Guggenheim
Introduction

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The Laughs of the World (Las risas del mundo, 1999/2018)
Installation view
37 audiovisual screens, metal structures, and vinyl material
4 x 12.70 x 6 m
Esther Ferrer Archive
© Esther Ferrer, VEGAP, Bilbao, 2018
Photo: Erika Ede

Some of the installations that Esther Ferrer (Donostia/San Sebastián, 1937) designs never materialize, as they would require complex media or certain kind of spaces. However, the artist sets them down in writings, drawings, or scale models: “If I can’t produce it in a real space, it’s no big deal. What interests me is the process.” [1]

The installation The Laughs of the World (Las risas del mundo) was first realized specifically for this exhibition at the Guggenheim Museum Bilbao. It is a complex audiovisual piece consisting of a large world map on which we see 37 electronic devices (tablets) that play images and sounds of laughter from the mouths of men and women, young and old people, boys and girls from various places around the world.

As the viewer explores the work, a mechanism is activated that causes a mouth to open and start laughing; when the spectator moves away, the mouth closes and falls silent. The reproduction of these audio recordings is contingent on interaction with the audience: they begin to play as soon as a visitor approaches. Here the artist uses laughter as ephemeral audio material that can become an artistic object. Ferrer appropriates an organic, natural sound like laughter and expands it over time through recording; she arranges it in the exhibition space and leaves the rest up to the spectators. When visitors decide how to peruse the work, they consciously or unconsciously determine the order in which each recording is played. [2] The entire installation is based on the use of the sound of laughter as an element in a musical composition that grows out of the spectator’s intervention. The result is what the artist, speaking of this piece, has described as spontaneous “concerts of laughter”.

Ferrer spent decades working closely with musicians, including her colleagues in the Zaj group (Walter Marchetti, Ramón Barce, and Juan Hidalgo), one of the most avant-garde collectives on the Spanish art scene in the 1960s and 70s, and she participated in their concerts, festivals, and gatherings for years. Zaj proposals combined avant-garde music, experimental poetry, and performance. The group’s performances decontextualized actions from everyday life and challenged the limitations on freedom of expression in pre-democratic Spain. Ferrer was also heavily influenced by American artist John Cage and musique concrète. This type of music uses independently recorded sounds to create musical compositions. “Concrete music” originated with the appearance of devices that allowed sounds to be taken out of their original context and recorded on a physical medium. Each sound could then be processed separately and manipulated, cutting, layering, and eventually combining the sounds obtained from these alterations in a complex, definitive structure to create an audible score. [3] Musique concrète designates a compositional approach whereby sound, rather than being played, becomes an external object with its own spatiotemporal reality, its own presence. John Cage’s creative ideas influenced the artistic universe of Esther Ferrer, who understood that any sound in this world, even silence, is music. In this installation, Ferrer induces participants to use laughter almost as a musical instrument, creating a sound composition through the relationship established with the devices.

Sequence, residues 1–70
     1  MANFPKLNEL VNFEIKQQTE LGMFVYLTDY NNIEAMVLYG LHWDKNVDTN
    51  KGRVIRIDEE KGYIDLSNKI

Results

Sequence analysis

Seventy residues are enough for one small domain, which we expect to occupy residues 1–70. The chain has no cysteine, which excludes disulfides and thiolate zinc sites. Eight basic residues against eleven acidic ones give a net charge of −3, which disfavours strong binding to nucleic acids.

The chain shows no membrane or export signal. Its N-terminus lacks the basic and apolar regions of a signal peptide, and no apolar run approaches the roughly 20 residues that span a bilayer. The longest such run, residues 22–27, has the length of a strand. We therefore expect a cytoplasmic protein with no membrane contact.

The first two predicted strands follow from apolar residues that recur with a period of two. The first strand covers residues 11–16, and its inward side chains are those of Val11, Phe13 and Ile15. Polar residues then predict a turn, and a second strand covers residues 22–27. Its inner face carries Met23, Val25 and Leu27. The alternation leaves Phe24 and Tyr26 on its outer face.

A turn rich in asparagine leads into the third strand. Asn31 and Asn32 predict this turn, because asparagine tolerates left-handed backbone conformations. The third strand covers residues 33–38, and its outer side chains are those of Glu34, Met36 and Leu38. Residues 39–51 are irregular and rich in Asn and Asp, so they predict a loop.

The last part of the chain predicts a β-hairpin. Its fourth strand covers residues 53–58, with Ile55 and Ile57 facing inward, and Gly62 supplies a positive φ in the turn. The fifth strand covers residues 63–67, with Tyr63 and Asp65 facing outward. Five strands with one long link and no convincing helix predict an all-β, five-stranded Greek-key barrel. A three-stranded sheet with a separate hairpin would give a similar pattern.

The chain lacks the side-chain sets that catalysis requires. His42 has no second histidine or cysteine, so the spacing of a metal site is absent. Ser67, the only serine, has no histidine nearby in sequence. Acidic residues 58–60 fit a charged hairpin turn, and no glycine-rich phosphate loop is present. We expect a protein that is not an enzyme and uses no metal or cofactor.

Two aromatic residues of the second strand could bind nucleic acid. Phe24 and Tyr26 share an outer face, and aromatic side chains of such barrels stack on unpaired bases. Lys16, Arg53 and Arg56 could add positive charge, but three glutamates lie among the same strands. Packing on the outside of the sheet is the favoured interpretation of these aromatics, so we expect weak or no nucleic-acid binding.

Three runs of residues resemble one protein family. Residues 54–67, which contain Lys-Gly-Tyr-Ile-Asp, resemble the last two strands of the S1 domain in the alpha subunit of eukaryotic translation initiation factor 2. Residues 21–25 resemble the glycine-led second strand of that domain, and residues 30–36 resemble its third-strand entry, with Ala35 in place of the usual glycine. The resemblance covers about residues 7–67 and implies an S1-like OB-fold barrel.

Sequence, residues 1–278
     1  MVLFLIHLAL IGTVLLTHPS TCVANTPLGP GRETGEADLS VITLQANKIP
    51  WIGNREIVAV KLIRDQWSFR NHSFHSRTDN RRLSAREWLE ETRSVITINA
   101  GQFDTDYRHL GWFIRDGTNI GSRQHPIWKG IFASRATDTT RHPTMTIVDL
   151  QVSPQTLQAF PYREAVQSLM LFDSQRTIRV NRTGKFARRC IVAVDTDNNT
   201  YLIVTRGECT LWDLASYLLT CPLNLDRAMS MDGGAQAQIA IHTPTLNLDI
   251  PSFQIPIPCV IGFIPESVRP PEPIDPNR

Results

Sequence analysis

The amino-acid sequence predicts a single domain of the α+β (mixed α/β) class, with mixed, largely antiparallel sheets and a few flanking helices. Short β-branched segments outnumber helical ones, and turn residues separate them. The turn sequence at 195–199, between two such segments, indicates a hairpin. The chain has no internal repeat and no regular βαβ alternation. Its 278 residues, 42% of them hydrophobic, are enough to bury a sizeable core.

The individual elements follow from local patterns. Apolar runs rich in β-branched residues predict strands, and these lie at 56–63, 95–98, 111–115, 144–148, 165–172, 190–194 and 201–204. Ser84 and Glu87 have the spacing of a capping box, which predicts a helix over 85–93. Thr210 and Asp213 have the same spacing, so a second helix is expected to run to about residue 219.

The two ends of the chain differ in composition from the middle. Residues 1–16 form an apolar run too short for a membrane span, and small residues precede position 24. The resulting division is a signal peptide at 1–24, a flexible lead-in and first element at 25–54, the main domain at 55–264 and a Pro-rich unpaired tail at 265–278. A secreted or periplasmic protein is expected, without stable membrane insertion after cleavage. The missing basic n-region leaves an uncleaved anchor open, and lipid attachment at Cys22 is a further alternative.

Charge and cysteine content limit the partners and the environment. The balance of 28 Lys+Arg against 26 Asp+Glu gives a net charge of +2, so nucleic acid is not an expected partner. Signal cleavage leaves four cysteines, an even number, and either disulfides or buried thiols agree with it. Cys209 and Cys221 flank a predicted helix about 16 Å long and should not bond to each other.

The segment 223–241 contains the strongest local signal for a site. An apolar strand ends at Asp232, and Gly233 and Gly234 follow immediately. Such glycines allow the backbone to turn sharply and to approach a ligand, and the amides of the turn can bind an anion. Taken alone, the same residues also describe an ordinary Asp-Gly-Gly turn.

Questions

Take a few minutes to explore the work. The laughs that appear on the screens can only be heard if you approach them. What differences do you notice between them? If you had to classify them in groups, how would you do it? What do the different laughs express? How many types of laughter can you identify? Make a short list. 

How do you think the laughs are connected to the world map? Why are the screens situated on the map? Do you think she wants us to explore them in any particular way?